Originally Posted by sixshooter
Good to have you on board. Much of what you might want to know as you proceed will be in the FAQ thread.
So you only get to drive the Miata when there is no snow on the ground? What is that, six weeks a year or so?
You know, the summer weather here is perfect for top-down motoring ... most sunshine hours in Canada ... annual total hours is similar to Arizona and as good or better than anywhere else in the US, and if you look at it in terms of summer only, where we're getting 14~18 hours a day from May to September, it's better than anywhere else on the continent.
In June the sun comes up before 4AM and goes down at 10:30PM, and it's "real" sunshine ... not a cloud in a bright blue sky, typically, and no smog. Summer temps normally are in the +20~30 range (70~86F) and it can go to +40 (105F). There's lots of water here (94,000 lakes in SK and if it's not at least a mile long, it's not a "lake", it's a "pond") so, like you in FL, we get plenty of thunderstorms, but they mostly happen late at night ... around 10 PM or so.
Winter (below 0F daytime) starts here sometime in October and is over by early April, usually. My birthday is early November, and about half the time, we haven't had any snow yet by then.
Right now (12 October) it's +20 to 28 in the day (70~78F) and +5~10 at night (40~50F). It's going start to drop below freezing at night in the next two weeks, and probably in the day by November sometime. Last summer was very wet here, like a lot of places, but that's not normal, and I wasn't here then anyway.
We don't get much snow here ... we're too far away from the ocean or the Great Lakes ... everything else freezes over so no moisture from the local lakes. You won't get many or sometimes any winter melts, so whatever falls stays. By the end of winter you can expect somewhere between 6 inches and 2 feet of accumulated snow. Last winter was about 8", the winter before 2 feet ... that was considered a pretty heavy snow year.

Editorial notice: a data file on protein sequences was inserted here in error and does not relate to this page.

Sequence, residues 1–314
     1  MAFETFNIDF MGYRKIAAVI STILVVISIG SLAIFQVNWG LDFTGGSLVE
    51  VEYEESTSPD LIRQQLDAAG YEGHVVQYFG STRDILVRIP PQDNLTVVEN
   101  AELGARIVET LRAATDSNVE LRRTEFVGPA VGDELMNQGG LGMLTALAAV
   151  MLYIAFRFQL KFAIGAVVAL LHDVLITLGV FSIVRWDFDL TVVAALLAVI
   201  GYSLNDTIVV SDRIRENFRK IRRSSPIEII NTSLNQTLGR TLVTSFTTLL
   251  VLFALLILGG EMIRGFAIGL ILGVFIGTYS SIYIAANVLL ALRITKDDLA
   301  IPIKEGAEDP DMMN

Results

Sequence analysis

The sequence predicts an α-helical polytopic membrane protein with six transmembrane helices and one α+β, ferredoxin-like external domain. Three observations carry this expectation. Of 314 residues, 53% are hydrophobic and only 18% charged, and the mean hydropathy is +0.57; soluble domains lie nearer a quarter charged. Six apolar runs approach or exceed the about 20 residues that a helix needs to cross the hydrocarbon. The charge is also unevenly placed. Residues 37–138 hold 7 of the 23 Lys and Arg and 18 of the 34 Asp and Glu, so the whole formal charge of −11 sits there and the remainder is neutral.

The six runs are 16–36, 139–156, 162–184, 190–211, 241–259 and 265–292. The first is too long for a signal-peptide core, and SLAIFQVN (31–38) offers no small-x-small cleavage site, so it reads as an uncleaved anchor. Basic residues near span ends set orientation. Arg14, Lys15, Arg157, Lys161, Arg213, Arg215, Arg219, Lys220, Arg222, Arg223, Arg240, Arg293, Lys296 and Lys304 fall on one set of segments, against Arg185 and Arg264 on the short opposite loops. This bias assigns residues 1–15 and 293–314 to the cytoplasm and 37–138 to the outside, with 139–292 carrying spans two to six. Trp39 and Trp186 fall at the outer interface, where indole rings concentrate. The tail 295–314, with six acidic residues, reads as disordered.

I've seen the first snow in late September and I've seen it where it didn't snow once before Christmas, and I've seen it where it melts in February and I've seen it where it hangs around till the end of April.
I've lived in Minneapolis in the winter, where the average winter day is about 5~10F warmer than here ... basically it's 2 months less winter there but the Lake Effect snowstorms they get half a dozen times a year would be once-in-a-decade events here.
People do drive their Miatas in winter here ... they start very well and the heater easily keeps up in the coldest of weather, which is not something you can say for a lot of 4-cylinder cars. Ice is more of an issue on the streets than snow is, although if you get off the main roads you're going to see packed snow too.
But, the Miata isn't my only car, and the Direzza's are useless with even a light dusting of snow (you won't even get moving, period), not to mention any temp below about 40F.
I run Ice Radials on the PT Cruiser + the truck in winter (haven't had to change over yet), but you can only buy so many tires. The Miata will be summer only.
I've used Ice Radials on everything I've owned since the 80's. The best I've found for light cars are the Continental ExtremeWinterContact and for the truck, Cooper WeatherMasters in load ranges C and D. I don't run passenger car tires on my trucks ... what do you have the truck for if you don't haul loads?
The Miata would be sick with the Conti's, by the way, if anyone is curious. Highly recommended ... I've run most of the highly touted tires ... Nokian Hakkapolitas, Bridgestone Blizzaks, Michelin X-Ice, etc
The only other true winter tire I would personally recommend for a Miata are the Bridgestone Blizzaks. If I had to sum it up I'd say you want the Conti's on your car and the Blizzaks on your daughter's car.
FWD is the way to go for overall winter driving, but RWD is way more fun ;-)
People here think nothing of having 4 seasons worth of fun stuff to drive on and off-road; a boat, a quad, a bike and a snow machine in the same yard is hardly unheard of. Some guys have airplanes and if you're a farmer you might have a grass strip ... average farm is 12 sections, some guys farm 20 and 30 (a section is 1 sq mile or 640 acres). I love getting outdoors and I love all four seasons. Winter can be drudgery if you just drive to work and back every day ... you gotta get outside and live a little.
I'm drilling through the FAQ and Rookie Stickies, lots of good stuff there. I'd pretty much ruled out turbos for the engine because the ECM stuff was too intimidating, but you guys have lots of good info there and you're all starting to get me thinking ... Thanks for the shout out.